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Tricks, tips, and literature review on the adapted vaporize system to deliver volatile agents during cardiopulmonary bypass


1 Department of Surgery and Anesthesia, Dante Pazzanese Institute of Cardiology, São Paulo, Italy
2 Department of Anesthesia and Intensive Care, IRCCS San Raffaele Scientific Institute, Milan, Italy
3 Department of Anesthesia and Intensive Care, IRCCS San Raffaele Scientific Institute; Department of Anesthesia and Intensive Care, Vita-Salute San Raffaele University, Milan, Italy

Correspondence Address:
Giovanni Landoni
Department of Anesthesia and Intensive Care, IRCCS San Raffaele Scientific Institute, Via Olgettina 60, 20132 Milan
Italy
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Source of Support: None, Conflict of Interest: None


DOI: 10.4103/0971-9784.179592

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Year : 2016  |  Volume : 19  |  Issue : 2  |  Page : 240-244

 

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Background: Recently, evidence of cardio-protection and reduction in mortality due to the use of volatile agents during cardiac surgery led to an increase in their use during cardiopulmonary bypass (CPB). These findings seem to be enhanced when the volatile agents are used during all the surgical procedure, including the CPB period. Aims: Since the administration of volatile agents through CPB can be beneficial to the patients, we decided to review the use of volatile agents vaporized in the CPB circuit and to summarize some tricks and tips of this technique using our 10-year experience of Brazilian and Italian centers with a large volume of cardiac surgeries. Study Setting: Hospital. Methods: A literature review. Results: During the use of the volatile agents in CPB, it is very important to analyze all gases that come in and go out of the membrane oxygenators. The proper monitoring of inhaled and exhaled fraction of the gas allows not only monitoring of anesthesia level, but also the detection of possible leakage in the circuit. Any volatile agent in the membrane oxygenator is supposed to pollute the operating theater. This is the major reason why proper scavenging systems are always necessary when this technique is used. Conclusion: While waiting for industry upgrades, we recommend that volatile agents should be used during CPB only by skilled perfusionists and physicians with the aim to reduce postoperative morbidity and mortality.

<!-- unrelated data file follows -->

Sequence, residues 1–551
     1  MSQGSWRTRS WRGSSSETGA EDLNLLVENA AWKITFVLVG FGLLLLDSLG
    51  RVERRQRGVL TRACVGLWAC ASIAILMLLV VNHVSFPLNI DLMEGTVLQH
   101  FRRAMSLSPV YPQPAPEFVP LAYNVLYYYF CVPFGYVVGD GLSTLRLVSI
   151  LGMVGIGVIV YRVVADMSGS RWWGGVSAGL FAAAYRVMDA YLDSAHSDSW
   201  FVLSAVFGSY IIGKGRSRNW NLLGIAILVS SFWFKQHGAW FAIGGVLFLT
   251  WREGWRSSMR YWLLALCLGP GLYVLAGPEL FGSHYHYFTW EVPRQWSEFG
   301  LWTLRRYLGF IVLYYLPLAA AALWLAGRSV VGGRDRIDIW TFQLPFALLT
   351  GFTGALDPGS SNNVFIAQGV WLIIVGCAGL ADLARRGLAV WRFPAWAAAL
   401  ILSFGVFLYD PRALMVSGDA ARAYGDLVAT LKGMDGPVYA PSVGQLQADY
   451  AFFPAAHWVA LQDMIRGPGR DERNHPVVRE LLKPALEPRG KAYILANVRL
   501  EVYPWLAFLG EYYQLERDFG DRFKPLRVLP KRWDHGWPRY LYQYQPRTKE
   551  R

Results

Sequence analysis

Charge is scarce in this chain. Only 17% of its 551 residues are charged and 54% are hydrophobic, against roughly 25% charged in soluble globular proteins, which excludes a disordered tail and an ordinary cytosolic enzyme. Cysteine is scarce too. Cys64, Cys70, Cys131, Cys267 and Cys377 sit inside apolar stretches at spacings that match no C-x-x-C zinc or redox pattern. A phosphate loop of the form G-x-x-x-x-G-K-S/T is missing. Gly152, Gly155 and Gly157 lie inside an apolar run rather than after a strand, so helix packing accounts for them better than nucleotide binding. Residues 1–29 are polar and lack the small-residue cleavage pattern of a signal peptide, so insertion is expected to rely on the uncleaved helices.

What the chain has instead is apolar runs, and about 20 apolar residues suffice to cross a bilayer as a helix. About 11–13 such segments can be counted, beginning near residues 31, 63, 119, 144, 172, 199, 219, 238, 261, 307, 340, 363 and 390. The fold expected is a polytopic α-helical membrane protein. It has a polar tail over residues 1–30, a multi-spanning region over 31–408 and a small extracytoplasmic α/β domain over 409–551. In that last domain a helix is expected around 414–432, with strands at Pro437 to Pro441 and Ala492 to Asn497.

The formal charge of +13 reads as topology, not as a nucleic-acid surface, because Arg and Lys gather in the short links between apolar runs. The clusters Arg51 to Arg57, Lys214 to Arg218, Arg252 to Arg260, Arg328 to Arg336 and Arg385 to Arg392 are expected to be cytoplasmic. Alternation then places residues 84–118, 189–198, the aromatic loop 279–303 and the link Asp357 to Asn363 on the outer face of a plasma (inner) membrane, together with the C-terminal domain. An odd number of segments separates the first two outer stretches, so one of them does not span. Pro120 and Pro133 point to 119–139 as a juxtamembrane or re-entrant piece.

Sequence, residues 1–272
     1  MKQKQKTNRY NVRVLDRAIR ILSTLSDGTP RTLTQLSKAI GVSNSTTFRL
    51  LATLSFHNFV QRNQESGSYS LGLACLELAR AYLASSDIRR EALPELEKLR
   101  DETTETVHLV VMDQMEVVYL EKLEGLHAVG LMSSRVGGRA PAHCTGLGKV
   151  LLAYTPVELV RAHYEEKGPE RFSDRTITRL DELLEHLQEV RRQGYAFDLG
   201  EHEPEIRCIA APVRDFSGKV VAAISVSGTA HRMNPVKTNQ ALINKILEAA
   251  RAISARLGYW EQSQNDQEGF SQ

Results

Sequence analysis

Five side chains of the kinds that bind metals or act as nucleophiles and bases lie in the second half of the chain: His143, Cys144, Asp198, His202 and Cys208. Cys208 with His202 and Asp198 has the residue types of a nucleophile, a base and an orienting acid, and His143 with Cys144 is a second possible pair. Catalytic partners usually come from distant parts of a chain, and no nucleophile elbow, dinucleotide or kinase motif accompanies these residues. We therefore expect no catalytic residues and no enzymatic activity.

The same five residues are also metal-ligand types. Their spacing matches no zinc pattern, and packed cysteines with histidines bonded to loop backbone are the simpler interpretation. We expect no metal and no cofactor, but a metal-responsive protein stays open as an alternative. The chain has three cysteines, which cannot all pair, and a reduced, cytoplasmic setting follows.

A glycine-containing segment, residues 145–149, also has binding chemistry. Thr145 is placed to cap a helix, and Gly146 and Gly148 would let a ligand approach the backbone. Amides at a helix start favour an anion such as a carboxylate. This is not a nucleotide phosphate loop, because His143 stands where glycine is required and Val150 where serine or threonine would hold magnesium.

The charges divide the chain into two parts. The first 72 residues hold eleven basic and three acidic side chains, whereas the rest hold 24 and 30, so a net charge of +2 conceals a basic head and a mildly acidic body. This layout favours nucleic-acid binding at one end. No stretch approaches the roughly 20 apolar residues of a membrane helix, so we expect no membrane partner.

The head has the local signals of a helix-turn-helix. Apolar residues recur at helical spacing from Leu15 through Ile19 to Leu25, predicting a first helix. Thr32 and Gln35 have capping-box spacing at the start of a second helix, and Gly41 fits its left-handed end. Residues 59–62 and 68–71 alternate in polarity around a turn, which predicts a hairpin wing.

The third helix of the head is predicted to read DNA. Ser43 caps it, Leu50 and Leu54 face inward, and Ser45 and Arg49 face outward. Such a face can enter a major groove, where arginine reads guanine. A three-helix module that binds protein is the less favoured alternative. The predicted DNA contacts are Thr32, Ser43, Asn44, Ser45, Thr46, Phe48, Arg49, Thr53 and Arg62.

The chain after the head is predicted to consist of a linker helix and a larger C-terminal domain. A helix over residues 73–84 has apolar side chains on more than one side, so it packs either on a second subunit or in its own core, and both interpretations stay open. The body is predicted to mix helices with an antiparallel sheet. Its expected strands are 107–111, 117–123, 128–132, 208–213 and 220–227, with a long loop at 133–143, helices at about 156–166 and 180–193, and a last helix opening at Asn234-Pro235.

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1 Department of Surgery and Anesthesia, Dante Pazzanese Institute of Cardiology, São Paulo, Italy
2 Department of Anesthesia and Intensive Care, IRCCS San Raffaele Scientific Institute, Milan, Italy
3 Department of Anesthesia and Intensive Care, IRCCS San Raffaele Scientific Institute; Department of Anesthesia and Intensive Care, Vita-Salute San Raffaele University, Milan, Italy

Correspondence Address:
Giovanni Landoni
Department of Anesthesia and Intensive Care, IRCCS San Raffaele Scientific Institute, Via Olgettina 60, 20132 Milan
Italy
Login to access the Email id

Source of Support: None, Conflict of Interest: None


DOI: 10.4103/0971-9784.179592

Rights and Permissions

Background: Recently, evidence of cardio-protection and reduction in mortality due to the use of volatile agents during cardiac surgery led to an increase in their use during cardiopulmonary bypass (CPB). These findings seem to be enhanced when the volatile agents are used during all the surgical procedure, including the CPB period. Aims: Since the administration of volatile agents through CPB can be beneficial to the patients, we decided to review the use of volatile agents vaporized in the CPB circuit and to summarize some tricks and tips of this technique using our 10-year experience of Brazilian and Italian centers with a large volume of cardiac surgeries. Study Setting: Hospital. Methods: A literature review. Results: During the use of the volatile agents in CPB, it is very important to analyze all gases that come in and go out of the membrane oxygenators. The proper monitoring of inhaled and exhaled fraction of the gas allows not only monitoring of anesthesia level, but also the detection of possible leakage in the circuit. Any volatile agent in the membrane oxygenator is supposed to pollute the operating theater. This is the major reason why proper scavenging systems are always necessary when this technique is used. Conclusion: While waiting for industry upgrades, we recommend that volatile agents should be used during CPB only by skilled perfusionists and physicians with the aim to reduce postoperative morbidity and mortality.






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